Poland Says It’s No Longer Arming Ukraine Amid Grain Spat

The position marks a significant shift as Warsaw has been a major supporter of NATO's proxy war

Polish Prime Minister Mateusz Morawiecki said Wednesday that Poland is no longer arming Ukraine, marking a significant shift as Warsaw has been a staunch supporter of the NATO proxy war with Russia.

Morawiecki’s comments come amid a spat between Warsaw and Kyiv over a Polish ban on Ukrainian grain. When asked if the dispute would impact Polish support for Ukraine, Morawiecki said, “We are no longer transferring weapons to Ukraine, because we are now arming Poland with more modern weapons.”

He insisted that Warsaw had no intention of risking “the security of Ukraine” and that weapons shipments from other countries transiting through Poland would not be interfered with. Poland has become the primary hub for NATO arms shipments into Ukraine since Russia launched its invasion.

Throughout the war, Poland led the charge when it came to NATO escalations in support for Ukraine. Military aid Warsaw has provided includes hundreds of Soviet-made tanks and about a dozen Soviet MiG-29 fighter jets. Poland was also the first NATO country that said it was willing to arm Ukraine with German-made Leopard tanks.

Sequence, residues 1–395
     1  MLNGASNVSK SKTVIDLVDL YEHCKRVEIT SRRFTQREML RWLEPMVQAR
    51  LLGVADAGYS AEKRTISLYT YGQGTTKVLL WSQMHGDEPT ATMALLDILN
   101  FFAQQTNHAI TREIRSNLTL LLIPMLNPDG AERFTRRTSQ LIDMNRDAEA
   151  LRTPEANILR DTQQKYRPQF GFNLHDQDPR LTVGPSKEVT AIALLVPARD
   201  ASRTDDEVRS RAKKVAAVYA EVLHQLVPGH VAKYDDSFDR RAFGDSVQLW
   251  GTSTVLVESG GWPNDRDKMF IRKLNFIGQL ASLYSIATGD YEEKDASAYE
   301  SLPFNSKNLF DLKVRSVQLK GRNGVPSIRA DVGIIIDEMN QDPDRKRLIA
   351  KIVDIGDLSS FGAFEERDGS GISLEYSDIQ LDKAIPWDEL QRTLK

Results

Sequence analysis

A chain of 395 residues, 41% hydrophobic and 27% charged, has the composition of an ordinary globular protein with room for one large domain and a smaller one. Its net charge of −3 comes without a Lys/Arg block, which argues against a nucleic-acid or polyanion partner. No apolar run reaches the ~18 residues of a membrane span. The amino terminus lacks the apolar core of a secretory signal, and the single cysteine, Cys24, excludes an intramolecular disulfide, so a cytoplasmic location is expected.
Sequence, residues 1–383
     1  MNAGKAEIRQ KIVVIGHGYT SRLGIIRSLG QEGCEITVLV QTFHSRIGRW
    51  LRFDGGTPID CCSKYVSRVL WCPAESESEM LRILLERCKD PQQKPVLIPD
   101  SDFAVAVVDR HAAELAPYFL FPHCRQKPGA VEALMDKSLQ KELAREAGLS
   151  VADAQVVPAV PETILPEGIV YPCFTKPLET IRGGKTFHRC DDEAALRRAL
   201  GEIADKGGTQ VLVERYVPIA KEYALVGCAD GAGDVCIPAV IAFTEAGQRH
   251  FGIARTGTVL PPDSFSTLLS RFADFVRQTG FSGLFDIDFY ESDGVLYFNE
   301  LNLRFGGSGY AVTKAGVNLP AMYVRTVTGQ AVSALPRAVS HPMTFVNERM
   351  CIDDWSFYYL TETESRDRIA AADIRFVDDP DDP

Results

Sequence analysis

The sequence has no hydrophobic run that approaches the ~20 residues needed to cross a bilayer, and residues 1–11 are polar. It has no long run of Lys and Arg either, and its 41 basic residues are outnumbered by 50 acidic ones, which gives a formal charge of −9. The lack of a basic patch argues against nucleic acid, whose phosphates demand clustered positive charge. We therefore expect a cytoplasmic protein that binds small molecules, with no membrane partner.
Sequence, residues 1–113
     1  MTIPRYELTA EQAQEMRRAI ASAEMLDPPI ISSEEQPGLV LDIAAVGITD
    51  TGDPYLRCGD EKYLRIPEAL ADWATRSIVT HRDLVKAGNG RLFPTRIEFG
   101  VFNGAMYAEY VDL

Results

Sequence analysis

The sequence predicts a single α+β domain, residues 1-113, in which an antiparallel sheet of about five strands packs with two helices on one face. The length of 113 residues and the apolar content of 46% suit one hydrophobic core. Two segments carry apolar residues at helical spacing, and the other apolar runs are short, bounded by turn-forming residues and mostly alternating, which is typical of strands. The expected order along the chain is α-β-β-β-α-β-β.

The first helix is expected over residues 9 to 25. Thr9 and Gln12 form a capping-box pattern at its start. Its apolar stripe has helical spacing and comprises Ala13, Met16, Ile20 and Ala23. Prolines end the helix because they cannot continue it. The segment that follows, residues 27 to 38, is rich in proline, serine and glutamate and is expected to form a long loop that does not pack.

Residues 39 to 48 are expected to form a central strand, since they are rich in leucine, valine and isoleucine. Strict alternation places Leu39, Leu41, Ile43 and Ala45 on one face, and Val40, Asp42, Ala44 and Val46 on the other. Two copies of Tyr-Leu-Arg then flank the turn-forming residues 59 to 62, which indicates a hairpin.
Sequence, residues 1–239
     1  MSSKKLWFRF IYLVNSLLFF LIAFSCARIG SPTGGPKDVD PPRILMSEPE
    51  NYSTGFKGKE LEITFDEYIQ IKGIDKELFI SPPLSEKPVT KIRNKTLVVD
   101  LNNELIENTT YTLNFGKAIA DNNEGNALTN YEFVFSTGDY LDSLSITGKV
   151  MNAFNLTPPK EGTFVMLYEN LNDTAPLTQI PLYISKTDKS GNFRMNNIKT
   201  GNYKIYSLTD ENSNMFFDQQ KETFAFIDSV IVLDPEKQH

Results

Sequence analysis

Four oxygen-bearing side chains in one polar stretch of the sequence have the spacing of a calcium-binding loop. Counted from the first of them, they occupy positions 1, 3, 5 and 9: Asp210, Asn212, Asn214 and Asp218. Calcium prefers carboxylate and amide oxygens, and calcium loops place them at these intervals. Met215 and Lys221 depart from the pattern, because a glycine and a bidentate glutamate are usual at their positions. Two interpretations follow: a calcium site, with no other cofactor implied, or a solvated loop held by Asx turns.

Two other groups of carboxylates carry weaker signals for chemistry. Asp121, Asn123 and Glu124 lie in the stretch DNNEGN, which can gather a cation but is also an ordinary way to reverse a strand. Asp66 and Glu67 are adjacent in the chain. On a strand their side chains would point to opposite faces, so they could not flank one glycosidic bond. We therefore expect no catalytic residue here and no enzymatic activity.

Despite all the support, Ukrainian President Volodymyr Zelensky took a shot at Poland and two other EU countries for maintaining a ban on Ukrainian grain. Since the Russian invasion of Ukraine and the disruption of Black Sea shipping, there’s been an influx of Ukrainian grain shipments into the EU.

Earlier this year, the EU agreed to restrict the import of Ukrainian grain to Bulgaria, Hungary, Poland, Romania, and Slovakia over complaints from farmers about a drop in prices. Last week, the EU said it would lift the restriction, but Poland, Hungary, and Slovakia said they would continue banning Ukrainian grain from their markets.

At the UN General Assembly on Tuesday, Zelensky accused the countries of helping Russia. “Alarmingly, some in Europe play out solidarity in a political theater — turning grain into a thriller. They may seem to play their own roles. In fact, they’re helping set the stage for a Moscow actor,” he said.

Ukraine has also said it will lodge a complaint to the World Trade Organization. In response to the Ukrainian criticism, Morawiecki said, “We were the first to do a lot for Ukraine, and therefore we expect our interests to be understood. We will defend our interests with all determination.”

Author: Dave DeCamp

Dave DeCamp is the news editor of Antiwar.com, follow him on Twitter @decampdave.